In the short time since the emergence of CRISPR gene editing technology, Keith Joung, MD, PhD has been impressed with all the research applications that have been developed to harness its potential.
“It is remarkable how it’s been used to build cell lines and model organisms, gain new insights into more of the mechanisms of disease and understand why certain mutations or gene alterations have the impacts they do,” Joung says.
Dr. Joung, an investigator in the Department of Pathology at Massachusetts General Hospital and Professor of Pathology at Harvard Medical School, has played a key role in many of these breakthroughs through the work in his lab—and through open-source sharing with other scientists.
As the recent co-founder of the biotech companies Editas Medicine and Beam Therapeutics, he is poised to play a key role in bringing this technology to the clinic.
“I’m a physician-scientist by training,” he says. “Although my lab does a lot of basic science, the dream is to see those technologies implemented in patient care. I always knew that if we wanted to see that happen, industry would have to be involved at some point.”
Expanding Into Industry
Dr. Joung’s first foray into industry came in 2013 when he joined four other scientific leaders in the gene editing field—Feng Zhang, PhD, of MIT and the Broad Institute; George Church, PhD, of Harvard; Jennifer Doudna, PhD, of UC Berkeley; and David Liu, PhD, of Harvard—to launch the Cambridge, MA-based Editas Medicine.
Joung has founded two more companies with Editas co-founders Zhang and Liu. In March 2018, the three launched Pairwise Plants, which will look at ways to apply gene editing technology in agriculture.
In May 2018, they launched Beam Therapeutics to explore applications for the DNA-based editing technology that was developed at Liu’s lab at Harvard and additional RNA-based editing technology developed in Dr. Zhang’s lab at MIT/Broad.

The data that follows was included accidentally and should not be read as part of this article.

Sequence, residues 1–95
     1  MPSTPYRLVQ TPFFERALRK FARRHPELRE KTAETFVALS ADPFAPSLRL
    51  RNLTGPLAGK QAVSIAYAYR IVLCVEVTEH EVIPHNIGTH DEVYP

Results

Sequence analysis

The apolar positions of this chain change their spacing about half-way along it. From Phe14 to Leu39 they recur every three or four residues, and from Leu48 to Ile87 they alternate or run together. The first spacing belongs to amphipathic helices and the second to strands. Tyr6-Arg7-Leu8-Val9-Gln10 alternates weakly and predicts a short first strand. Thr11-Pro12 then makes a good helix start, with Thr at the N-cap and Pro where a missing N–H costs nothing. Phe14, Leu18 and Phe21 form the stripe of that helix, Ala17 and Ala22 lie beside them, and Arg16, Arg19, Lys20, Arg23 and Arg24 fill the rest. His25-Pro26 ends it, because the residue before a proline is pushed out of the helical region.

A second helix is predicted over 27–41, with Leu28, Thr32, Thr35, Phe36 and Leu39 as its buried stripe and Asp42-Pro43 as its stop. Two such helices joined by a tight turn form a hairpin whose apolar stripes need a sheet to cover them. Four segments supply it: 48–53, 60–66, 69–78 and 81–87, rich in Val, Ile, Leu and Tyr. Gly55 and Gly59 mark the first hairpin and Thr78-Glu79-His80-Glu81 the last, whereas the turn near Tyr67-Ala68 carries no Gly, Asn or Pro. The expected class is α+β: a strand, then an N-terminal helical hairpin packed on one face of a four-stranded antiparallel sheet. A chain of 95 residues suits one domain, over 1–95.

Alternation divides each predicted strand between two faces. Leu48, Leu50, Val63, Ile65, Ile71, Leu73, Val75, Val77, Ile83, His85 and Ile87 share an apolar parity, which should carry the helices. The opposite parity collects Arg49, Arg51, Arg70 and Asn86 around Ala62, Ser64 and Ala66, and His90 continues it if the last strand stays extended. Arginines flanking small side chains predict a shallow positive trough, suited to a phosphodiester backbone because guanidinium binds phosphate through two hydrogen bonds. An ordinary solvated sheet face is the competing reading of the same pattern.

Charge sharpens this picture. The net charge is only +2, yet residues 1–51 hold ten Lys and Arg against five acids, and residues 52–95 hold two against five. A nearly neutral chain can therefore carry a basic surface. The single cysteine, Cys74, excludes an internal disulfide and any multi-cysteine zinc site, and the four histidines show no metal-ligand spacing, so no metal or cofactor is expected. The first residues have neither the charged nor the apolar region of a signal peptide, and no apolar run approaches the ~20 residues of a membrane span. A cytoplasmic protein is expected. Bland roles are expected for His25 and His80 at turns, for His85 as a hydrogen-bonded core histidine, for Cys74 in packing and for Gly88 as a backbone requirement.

Balancing Academia and Industry
Joung’s forays into the worlds of entrepreneurship and therapeutic development have provided an opportunity to grow and refine a new set of skills, although he remains firmly rooted in his academic lab.
“In terms of my day-to-day life, it’s a relatively small percentage of my daily activity,” he says. “My actual day job is running my lab, so the vast majority of my time is focused on that. But the outside consulting activities make my days very interesting. There is no one day exactly like another.”
Venture capitalists have provided more than $155 million to grow the multiple companies he co-founded.
“We have been very committed to open-source well before CRISPR arrived,” he says.
“Because we were doing that already with zinc fingers and TALENs when CRISPR emerged, the precedent had been set. So, everyone who worked on CRISPR technology followed that example and tried to share everything. That has been nice to see.”
“I will say that the MGH and Partners Innovation have been great in supporting us… there has never been any doubt in my mind that they were 100 percent behind us as we’ve put those reagents out there for people to use.”
Joung is excited to see what the next few years will bring with the hope that eventually patients with serious diseases will have access to CRISPR and other gene-editing therapeutics. Seeing the results of the first treatments may provide some extra motivation for him and his team.
“You see what you are doing in the lab might actually matter and could impact the development of therapeutics. But I enjoy the work and think it is fun and interesting, so it’s not like I need a lot more motivation.”
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